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Eigen values

  1. Jul 23, 2007 #1
    I would like to get the eigen values of a sparse matrix

    of form

    [ a, b, c, d, e;
    1, 0, 0, 0, 0;
    0, 1, 0, 0, 0;
    0, 0, 1, 0, 0;
    0, 0, 0, 1, 0]

    in matlab/octave I use the following to generate the matrix

    % filename nfactor.m written by Jeff Sadowski
    % nfactor finds the factors for an nth degree polynomial
    % if you have an equation a(x^n) + b(x^(n-1)) + c(x^(n-2)) + ...
    % use nfactor like so nfactor([a,b,c,...])
    % example: equation=x^2 + 2*x + 1
    % octave:1> nfactor([1,2,1])
    % ans =
    % -1
    % -1
    function ans=nfactor(VECTOR) vsize=size(VECTOR);

    However I need higher precision than this more accurately I need a resultant formula for each eigen value. I was hoping to use something like the householder method to transform this matrix into an upper Hessenberg matrix so that I have the eigen formulas down the diagonal. Can this be done?

    I found this sight
    http://www.matf.bg.ac.yu/r3nm/NumericalMethods/EigenValues/Householder.html [Broken]
    but when I plug my matrices in the example transformation doesn't work.
    So I'm guessing this method will not work for my matrices. Are there other methods (non numerical) that can be used to transform the matrix to an upper diagonal without effecting the eigen values?
    Last edited by a moderator: Apr 22, 2017 at 6:47 PM
  2. jcsd
  3. Jul 24, 2007 #2


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    You can write down a polynomial equation for the eigenvalues of your matrix as a simple function of the matrix coefficients - and you did that already, of course.

    I don't think that trying to use a different method to derive an equation for the eigvenvalues is going to change the numerical behaviour. Unless there are some relations between your coefficient a, b, c, d, e, you are not going to get a closed-form solution for the roots of a polynomial of degree 5 however you try to do it.

    I suspect your problem is that the roots of a polynomial can be very sensitive to small perturbations in the coefficients. There's a classic example by Wilkinson (c. 1960). He showed that the polynomial with roots 1, 2, .... 20, plus a perturbation term of order 1e-20 in one coefficient, changed many of the roots by large amounts, and several roots changed from real to complex.

    You could refine the approximate values you already have by something like Newton-Raphson iteration using extended precision.

    Or you could take a step back and consider what you are going to use the eigenvalues for, and if you really need ultra-high precision eigenvalues. For most physics or engineering applications, you don't need them. Paradoxically, you can easily calculate the eigenvectors to much higher precision than the eigenvalues, using simple methods like inverse iteration.
    Last edited: Jul 24, 2007
  4. Jul 24, 2007 #3
    The idea is to solve for a polynomial using some matrix manipulations not the other way round. There has to be some other methods to solve for eigen values. I have not learned the house holder equations but I know it is just a series of matrix manipulations to transform a matrix into an upper Hessenberg matrix without effecting the eigen values and thus the eigen values are the diagonal. So if i can use the house holder equations I have formulas for the roots of an nth degree polynomial.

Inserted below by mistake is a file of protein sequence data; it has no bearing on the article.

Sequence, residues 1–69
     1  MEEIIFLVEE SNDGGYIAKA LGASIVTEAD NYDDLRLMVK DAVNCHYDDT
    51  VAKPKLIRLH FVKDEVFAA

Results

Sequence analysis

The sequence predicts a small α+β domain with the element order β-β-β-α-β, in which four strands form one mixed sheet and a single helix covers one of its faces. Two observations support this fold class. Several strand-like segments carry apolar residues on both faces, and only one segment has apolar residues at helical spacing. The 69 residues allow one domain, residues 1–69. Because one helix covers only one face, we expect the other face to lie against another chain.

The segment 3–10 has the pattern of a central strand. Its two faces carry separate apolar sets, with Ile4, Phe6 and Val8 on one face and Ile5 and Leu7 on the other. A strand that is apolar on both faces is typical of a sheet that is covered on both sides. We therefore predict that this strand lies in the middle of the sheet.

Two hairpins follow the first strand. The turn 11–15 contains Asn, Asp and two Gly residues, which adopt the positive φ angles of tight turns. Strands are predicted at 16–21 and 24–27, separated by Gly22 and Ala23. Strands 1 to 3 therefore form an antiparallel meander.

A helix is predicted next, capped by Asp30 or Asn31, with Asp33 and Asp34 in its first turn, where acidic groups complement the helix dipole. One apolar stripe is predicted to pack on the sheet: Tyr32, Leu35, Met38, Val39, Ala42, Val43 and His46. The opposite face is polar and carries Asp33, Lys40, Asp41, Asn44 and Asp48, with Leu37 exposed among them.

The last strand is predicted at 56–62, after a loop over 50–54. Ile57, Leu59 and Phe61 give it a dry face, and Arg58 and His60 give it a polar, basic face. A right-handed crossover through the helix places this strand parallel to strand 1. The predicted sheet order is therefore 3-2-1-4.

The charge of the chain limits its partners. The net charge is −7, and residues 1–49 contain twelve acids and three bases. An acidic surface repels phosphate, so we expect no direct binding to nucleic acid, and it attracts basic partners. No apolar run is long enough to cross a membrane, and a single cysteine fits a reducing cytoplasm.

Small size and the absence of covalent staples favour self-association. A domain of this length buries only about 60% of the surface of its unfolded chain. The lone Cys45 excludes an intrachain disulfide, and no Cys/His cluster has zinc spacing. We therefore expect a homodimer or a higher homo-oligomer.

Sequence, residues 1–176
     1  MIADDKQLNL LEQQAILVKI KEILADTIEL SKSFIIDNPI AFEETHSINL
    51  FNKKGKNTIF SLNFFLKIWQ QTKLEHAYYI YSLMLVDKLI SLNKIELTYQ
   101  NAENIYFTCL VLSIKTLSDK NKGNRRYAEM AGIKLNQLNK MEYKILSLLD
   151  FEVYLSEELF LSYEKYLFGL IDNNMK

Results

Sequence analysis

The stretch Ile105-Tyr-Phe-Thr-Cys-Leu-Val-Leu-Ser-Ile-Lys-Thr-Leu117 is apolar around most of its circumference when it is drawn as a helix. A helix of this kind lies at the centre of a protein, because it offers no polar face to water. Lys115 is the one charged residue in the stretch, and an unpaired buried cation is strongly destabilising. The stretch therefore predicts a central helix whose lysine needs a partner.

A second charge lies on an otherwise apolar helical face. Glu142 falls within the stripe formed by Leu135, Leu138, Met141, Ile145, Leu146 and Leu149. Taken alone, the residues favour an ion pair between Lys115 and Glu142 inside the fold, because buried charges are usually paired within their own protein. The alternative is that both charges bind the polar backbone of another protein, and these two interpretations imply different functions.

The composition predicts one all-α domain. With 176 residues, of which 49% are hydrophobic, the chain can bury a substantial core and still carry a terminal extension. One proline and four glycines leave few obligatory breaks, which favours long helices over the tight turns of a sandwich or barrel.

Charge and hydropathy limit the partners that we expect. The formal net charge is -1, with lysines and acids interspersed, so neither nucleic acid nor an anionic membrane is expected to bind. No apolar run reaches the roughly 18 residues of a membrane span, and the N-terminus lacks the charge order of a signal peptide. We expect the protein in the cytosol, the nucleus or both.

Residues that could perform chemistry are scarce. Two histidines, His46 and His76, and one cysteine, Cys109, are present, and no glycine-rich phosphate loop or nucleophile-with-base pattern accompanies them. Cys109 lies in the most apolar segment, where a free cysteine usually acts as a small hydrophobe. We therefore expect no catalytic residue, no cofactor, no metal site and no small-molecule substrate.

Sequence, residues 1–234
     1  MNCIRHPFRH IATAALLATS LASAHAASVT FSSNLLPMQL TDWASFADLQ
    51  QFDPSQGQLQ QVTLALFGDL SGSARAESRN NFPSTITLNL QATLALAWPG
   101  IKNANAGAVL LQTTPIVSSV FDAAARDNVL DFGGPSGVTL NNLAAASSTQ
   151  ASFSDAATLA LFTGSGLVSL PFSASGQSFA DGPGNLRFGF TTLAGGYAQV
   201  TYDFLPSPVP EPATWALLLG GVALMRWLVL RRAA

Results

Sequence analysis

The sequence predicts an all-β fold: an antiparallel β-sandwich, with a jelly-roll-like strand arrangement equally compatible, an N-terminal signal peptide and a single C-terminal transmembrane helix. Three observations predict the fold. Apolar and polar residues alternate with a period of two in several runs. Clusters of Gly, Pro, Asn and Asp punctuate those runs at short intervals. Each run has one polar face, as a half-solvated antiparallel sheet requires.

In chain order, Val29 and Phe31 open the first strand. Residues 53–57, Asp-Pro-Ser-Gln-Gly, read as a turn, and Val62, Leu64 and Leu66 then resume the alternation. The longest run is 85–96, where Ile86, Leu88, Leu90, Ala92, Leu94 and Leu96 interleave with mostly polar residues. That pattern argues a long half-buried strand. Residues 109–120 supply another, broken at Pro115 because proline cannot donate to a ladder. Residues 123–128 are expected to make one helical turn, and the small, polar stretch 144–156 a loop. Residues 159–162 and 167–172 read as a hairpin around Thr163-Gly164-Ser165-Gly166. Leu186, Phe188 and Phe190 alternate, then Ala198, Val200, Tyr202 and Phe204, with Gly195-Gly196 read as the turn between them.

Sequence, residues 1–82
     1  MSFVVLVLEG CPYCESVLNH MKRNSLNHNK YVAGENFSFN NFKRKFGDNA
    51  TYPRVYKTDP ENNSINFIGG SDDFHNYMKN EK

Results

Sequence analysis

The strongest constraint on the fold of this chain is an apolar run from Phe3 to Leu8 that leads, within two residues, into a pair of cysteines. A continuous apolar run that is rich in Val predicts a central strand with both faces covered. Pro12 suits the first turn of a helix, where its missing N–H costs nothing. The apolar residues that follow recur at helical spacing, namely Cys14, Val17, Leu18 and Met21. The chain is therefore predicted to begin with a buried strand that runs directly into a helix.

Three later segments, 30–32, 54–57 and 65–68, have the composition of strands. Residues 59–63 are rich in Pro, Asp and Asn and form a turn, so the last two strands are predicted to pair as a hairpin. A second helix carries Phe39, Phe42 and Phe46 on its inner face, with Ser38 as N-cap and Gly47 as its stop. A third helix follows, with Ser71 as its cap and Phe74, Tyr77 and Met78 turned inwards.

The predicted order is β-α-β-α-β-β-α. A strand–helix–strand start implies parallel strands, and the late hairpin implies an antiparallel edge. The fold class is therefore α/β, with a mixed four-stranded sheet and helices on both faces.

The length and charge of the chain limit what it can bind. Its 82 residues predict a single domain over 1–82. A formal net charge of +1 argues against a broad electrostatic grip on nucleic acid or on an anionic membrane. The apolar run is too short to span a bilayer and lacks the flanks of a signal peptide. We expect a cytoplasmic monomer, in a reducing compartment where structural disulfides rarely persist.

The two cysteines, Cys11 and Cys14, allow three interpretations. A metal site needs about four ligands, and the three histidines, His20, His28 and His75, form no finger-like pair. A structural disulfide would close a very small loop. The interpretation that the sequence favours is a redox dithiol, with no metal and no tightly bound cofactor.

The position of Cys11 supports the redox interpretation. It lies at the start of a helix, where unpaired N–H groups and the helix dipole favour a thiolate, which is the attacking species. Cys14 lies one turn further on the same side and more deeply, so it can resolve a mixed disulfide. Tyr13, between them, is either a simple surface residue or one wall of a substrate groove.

"You could refine the approximate values you already have by something like Newton-Raphson iteration using extended precision."
    This just seems to get them further and further off. There seems to be some unstable point at which I'm trying to find. I'd like to find it though. Thus why I want a "non numerical" method.

    The step back is I want a systematic approach at finding the "exact" (non numerical method) roots of an nth degree polynomial. I want the imaginary roots as well.

    There has to be a some ways to deal with a matrix without effecting the eigen values and getting it into a useful form to be able to use the householder method.
  5. Jul 24, 2007 #4


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    It's a while since I looked at the theory, but my memory (based on a lot of work with the EISPACK library in the past) says you finish up finding the eigenvalues of a tridiagonal matrix, numerically.

    But doesn't Galois Theory say that's impossible in the general case, except when n < 5?
  6. Jul 24, 2007 #5


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    In what field do you want the roots? (i.e. rationals, Q(i), some number field, the complexes, some finite field, ...)

    Do you have any constraints on how the root is represented? (Aside from requiring an exact representation)
  7. Jul 25, 2007 #6

    matt grime

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    No. Galois theory states that the generic quintic (or higher degree) poly cannot have its roots expressed as 'nice' functions of its coefficients. This states nothing about

    (i) any specific case: I know what all the roots of x^n-1 are for any n, algebraically

    (ii) the general case using methods other than extracting roots etc: elliptic functions, for example give the roots of degree 5s, I believe.
  8. Jul 25, 2007 #7


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    OK, I was cutting some corners in my logic there.

    But the matrix transformations (e.g. Householder, Givens, etc) used in the standard eigensolution methods (e.g. the EISPACK library) only involve "nice" functions like sqrt, sin, and cos, so they won't give a complete solution to the OP's question:

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